Privacy Groups Seek Meeting With Obama OfficialsConcerned Administration lobbying hard against EU privacy framework 2/04/2013 11:48:06 AM Eastern
Concerned that the Obama Administration is trying to weaken
a European Union effort on online privacy, a number of advocacy groups have
written to officials including Secretary of State John Kerry, Attorney General
Eric Holder and former FCC chairman Bill Kennard, now ambassador to the
European Union, asking for a meeting to discuss their concerns.
According to a copy of the letter obtained by B&C/Multichannel News, they argue that personal data "is being
abused by both the commercial sector and governments," they write.
"In fact, the line is increasingly blurred as personal data passes between
both with few restrictions."
They point out that the EU is developing both overarching
data protection legislation and a law enforcement directive on collection and
use of personal information, which they support.
By contrast, they say, the
members of the European Parliament have told them that the U.S. government
and industry together are continuing an "unprecedented lobbying campaign
to limit the protections that European law would provide."
They said they believed the president has a strong
commitment to protection of privacy, pointing to the February 2012 privacy bill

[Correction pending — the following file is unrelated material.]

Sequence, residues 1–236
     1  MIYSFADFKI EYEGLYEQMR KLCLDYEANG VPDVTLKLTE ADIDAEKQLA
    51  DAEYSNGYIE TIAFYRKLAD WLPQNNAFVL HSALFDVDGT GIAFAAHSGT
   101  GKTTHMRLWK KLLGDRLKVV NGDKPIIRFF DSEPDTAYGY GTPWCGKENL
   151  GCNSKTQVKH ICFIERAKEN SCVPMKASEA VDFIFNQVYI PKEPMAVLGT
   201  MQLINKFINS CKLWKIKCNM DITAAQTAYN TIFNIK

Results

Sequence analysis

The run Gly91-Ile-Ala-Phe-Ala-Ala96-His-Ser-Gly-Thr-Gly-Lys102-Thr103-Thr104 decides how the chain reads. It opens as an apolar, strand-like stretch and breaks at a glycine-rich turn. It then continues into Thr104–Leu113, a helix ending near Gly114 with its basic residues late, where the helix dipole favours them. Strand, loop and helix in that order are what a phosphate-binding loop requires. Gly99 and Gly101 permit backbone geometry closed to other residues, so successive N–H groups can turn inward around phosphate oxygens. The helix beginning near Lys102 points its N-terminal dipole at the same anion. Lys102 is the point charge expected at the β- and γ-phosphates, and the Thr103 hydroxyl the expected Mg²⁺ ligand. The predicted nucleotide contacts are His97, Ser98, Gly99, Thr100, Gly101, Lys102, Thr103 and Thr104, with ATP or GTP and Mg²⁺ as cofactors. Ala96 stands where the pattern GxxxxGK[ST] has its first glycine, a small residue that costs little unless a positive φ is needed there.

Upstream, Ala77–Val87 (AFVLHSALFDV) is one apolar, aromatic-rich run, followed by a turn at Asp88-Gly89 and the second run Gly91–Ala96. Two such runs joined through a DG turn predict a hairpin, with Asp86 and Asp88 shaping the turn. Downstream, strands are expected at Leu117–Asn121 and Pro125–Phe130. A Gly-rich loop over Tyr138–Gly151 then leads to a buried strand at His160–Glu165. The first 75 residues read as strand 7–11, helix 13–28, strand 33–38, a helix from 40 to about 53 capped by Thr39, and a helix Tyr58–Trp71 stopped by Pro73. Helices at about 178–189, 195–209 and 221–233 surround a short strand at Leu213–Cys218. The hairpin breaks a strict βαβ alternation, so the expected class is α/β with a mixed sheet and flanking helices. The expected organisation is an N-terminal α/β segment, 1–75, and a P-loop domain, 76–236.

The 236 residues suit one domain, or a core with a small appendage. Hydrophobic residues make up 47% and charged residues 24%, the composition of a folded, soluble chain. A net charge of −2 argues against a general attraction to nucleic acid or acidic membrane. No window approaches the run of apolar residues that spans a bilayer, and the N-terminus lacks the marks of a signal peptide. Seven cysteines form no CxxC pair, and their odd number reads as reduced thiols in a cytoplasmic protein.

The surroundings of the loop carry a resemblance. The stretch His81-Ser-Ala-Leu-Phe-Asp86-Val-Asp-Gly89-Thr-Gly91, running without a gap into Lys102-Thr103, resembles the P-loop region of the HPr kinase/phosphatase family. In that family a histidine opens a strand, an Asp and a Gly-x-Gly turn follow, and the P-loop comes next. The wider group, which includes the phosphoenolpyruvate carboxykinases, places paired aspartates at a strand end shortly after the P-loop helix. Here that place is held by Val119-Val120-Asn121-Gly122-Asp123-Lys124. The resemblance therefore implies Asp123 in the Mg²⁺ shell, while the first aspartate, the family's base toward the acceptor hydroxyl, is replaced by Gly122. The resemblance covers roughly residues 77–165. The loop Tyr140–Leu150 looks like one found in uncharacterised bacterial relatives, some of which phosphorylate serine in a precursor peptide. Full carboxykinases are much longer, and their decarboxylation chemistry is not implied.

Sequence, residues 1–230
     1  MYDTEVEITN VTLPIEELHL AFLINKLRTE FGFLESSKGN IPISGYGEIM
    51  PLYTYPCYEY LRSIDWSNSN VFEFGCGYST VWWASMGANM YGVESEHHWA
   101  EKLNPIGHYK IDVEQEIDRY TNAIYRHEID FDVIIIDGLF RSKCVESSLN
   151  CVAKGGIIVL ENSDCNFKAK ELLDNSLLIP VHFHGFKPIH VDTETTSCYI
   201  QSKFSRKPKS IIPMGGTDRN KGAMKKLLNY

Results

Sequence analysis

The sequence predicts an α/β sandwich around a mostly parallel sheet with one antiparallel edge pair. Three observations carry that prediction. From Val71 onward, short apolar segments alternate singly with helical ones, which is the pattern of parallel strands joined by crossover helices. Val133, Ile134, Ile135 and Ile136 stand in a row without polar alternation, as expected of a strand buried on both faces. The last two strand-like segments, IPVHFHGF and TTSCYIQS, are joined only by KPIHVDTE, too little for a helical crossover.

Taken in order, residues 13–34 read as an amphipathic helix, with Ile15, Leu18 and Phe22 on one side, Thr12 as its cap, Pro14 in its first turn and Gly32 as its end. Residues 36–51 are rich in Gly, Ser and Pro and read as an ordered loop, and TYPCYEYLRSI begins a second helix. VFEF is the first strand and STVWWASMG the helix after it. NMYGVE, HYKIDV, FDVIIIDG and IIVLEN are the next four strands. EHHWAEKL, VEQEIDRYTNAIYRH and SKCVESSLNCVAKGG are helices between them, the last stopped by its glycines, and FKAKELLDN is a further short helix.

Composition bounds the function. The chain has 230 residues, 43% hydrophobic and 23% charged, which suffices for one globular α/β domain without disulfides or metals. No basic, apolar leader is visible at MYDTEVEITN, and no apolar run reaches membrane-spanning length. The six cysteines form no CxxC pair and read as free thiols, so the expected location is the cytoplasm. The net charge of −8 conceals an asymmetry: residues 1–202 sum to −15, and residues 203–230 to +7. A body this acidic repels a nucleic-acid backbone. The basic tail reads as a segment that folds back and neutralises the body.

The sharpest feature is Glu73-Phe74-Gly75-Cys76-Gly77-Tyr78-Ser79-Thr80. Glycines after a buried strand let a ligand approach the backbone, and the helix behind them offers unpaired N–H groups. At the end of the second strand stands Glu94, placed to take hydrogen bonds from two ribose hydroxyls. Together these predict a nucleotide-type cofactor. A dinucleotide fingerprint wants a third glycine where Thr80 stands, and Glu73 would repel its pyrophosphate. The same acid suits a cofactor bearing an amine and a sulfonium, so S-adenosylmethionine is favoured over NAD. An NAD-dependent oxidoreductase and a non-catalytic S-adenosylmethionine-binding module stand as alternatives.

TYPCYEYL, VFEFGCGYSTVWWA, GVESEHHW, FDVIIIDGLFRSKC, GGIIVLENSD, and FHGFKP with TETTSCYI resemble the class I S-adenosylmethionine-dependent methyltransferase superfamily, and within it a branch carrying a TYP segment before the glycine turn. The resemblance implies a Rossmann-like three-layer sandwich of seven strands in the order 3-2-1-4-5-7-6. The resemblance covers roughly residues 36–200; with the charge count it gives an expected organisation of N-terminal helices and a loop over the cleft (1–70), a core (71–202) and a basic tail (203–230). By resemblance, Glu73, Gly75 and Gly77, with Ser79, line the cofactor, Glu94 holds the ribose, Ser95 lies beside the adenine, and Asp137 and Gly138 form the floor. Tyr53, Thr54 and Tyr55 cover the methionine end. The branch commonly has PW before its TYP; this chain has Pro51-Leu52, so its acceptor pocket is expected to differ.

of rights the administration put forward. That was billed as a self-regulatory
regime, but the groups, which include the ACLU, Center for Digital Democracy
and the Consumer Federation of America say it should be made the law of the
land. "Without implementation and enforcement, the Consumer Privacy Bill
of Rights will become a hollow promise."
The EU adopted a Data Privacy Directive in 1995 to
"harmonize" privacy protection within EU and prevent personal
information from flowing to other countries that EU believed lacked adequate
protections. That was later updated to include E-privacy. The directive applies
to affiliates of U.S. corporations and requires them to adhere to seven basic
principles: Notice, purpose (data should be relevant to its use), consent,
security, disclosure, access (ability to correct inaccuracies in data) and
New privacy laws the EU is proposing include expanding the
definition of personal information, strengthen consent requirements, establish
the ability to limit online profiling, mandate breach notifications and more.
The fact that each state is responsible for incorporating
the EU principles into its own privacy laws has created problems for U.S.
affiliates, even though the U.S. negotiated a safe harbor in 2000 that allows
them to voluntarily adhere to data protection principles instead.